Mr. Speaker, I am rising on a point of order relating to the apology offered by the member for Bruce—Grey—Owen Sound for two references to Hitler.
While the House heard an apology and, through you, Mr. Speaker, accepted it, the member has since said, “just in order to take the buzz off and what have you, I partially retracted the statement in the house”, adding, “what I said was the truth” and adding also “the similarities between the gun registry and what Adolph Hitler did to perpetrate his crimes are very clear and obvious”.
I realize that points of order are not used for points of debate and, as such, I will confine myself to the merits of the matter in the parliamentary context.
First, Mr. Speaker, I believe that you must find the language unparliamentary, to say the least, in several respects, something which has not yet happened but must be done, lest such references be seen as acceptable conduct in this place. Language is what we are all about and offensive language must be sanctioned.
I draw the attention of all members to a ruling given on December 11, 1991, and found at pages at 6141 and 6142 of the Debates, wherein Mr. Speaker Fraser, as paraphrased by your predecessor. Mr. Speaker Milliken, reminded members that “offensive remark linger and have a suffocating effect on the fair exchange of ideas and points of view. Anything said in this place receives wide and instant dissemination and leaves a lasting impression. Offending words may be withdrawn, denied, explained away, or apologize for, but the impression created is not always as easily erased”.
Indeed, Mr. Speaker, while the matter might have been seen as laid to rest, as you yourself put it, the member's subsequent retraction of his apology and, indeed, with even more odious language, reignites the issue and, I submit, warrants sanction.
Indeed, as O'Brien and Bosc clearly note on page 619, the withdrawal of unparliamentary language must be done, and this is the key point, “unequivocally”. It has not only not been withdrawn unequivocally, it has been reaffirmed in all its incendiary language and comparisons. Indeed, the unparliamentary nature of the language is evident in several respects.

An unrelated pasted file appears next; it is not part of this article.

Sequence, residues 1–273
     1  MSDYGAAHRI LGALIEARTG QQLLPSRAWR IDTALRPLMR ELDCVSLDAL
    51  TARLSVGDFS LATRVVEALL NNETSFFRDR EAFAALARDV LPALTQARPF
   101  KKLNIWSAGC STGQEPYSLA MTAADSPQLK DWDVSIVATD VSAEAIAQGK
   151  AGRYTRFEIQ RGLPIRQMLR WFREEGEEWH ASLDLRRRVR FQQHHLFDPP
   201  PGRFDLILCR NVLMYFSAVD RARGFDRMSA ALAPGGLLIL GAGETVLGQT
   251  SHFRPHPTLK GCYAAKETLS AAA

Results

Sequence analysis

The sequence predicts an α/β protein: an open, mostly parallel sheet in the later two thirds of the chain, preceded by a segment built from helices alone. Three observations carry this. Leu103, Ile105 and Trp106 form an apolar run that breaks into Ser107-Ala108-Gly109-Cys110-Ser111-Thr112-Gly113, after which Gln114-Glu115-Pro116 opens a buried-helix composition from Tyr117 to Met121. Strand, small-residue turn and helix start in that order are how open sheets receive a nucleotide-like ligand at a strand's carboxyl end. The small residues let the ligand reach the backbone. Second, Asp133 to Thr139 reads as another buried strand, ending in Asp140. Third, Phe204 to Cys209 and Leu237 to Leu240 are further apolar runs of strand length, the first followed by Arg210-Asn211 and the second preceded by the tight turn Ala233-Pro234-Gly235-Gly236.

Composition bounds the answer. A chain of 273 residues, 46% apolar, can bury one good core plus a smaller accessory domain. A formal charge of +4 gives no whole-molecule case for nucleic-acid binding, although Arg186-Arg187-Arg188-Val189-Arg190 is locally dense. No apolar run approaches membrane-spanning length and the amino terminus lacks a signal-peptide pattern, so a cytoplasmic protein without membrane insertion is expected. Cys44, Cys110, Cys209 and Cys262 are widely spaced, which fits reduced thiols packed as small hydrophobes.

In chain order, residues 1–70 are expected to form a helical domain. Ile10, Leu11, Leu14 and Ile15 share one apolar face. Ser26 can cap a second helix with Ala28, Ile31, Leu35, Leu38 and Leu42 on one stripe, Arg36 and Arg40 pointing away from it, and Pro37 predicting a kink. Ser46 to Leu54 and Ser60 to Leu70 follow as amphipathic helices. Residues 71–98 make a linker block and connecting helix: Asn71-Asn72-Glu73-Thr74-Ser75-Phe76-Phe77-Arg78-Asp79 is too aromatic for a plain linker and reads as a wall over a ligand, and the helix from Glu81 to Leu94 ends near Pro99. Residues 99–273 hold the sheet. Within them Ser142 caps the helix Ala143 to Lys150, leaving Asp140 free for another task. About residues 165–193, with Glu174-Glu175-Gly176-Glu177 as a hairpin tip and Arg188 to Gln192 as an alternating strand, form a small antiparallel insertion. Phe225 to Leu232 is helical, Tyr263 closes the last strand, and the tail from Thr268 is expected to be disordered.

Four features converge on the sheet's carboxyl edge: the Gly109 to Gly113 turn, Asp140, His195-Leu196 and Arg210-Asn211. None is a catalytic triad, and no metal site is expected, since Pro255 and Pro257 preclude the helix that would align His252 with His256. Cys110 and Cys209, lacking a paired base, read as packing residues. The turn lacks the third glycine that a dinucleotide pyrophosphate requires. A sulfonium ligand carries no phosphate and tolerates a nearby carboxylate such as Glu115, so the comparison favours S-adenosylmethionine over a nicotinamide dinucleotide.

First and foremost is the actual language used, in particular, the odious and obscene comparisons to Hitler, the paradigm of radical evil.
I draw to your attention the extensive list in the sixth edition of Beauchesne's Parliamentary Rules and Forms of the House of Commons of Canada wherein terms such as “Nazi” were found to be unparliamentary in this place as early as 1962, and the comparisons here, Mr. Speaker, go beyond that.
I believe all members of the House would be in agreement that references to other persons, such as the former minister of justice or the senator in the other place, as being Hitler, or acting as Hitler might have, or thinking as he might have, are as unacceptable as they are offensive.
Indeed, in 2007, in a point of order regarding comments by the member for Winnipeg Centre comparing a minister to Mussolini, the then chief government whip even said, somewhat prophetically one might say:
Let us just imagine if this is allowed to stand. What will be next? There will be people in this place compared to Adolf Hitler. That is where this is headed. The hon. member knows that.
That is from Hansard.
In ruling on that incident, Mr. Speaker Milliken recalled for the House that, as per Marleau and Montpetit, one of the most basic principles of parliamentary procedures and proceedings in the House be conducted in terms of a free and civil discourse.